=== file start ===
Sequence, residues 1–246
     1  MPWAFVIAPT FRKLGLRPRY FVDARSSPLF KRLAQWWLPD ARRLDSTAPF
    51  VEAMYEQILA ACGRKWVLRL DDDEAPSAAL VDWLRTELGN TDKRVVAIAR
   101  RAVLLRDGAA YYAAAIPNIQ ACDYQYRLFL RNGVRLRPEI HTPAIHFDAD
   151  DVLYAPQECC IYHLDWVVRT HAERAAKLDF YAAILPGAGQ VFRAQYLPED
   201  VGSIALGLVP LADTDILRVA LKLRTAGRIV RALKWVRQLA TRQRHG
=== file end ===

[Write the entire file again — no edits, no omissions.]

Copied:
Sequence, residues 1–246
     1  MPWAFVIAPT FRKLGLRPRY FVDARSSPLF KRLAQWWLPD ARRLDSTAPF
    51  VEAMYEQILA ACGRKWVLRL DDDEAPSAAL VDWLRTELGN TDKRVVAIAR
   101  RAVLLRDGAA YYAAAIPNIQ ACDYQYRLFL RNGVRLRPEI HTPAIHFDAD
   151  DVLYAPQECC IYHLDWVVRT HAERAAKLDF YAAILPGAGQ VFRAQYLPED
   201  VGSIALGLVP LADTDILRVA LKLRTAGRIV RALKWVRQLA TRQRHG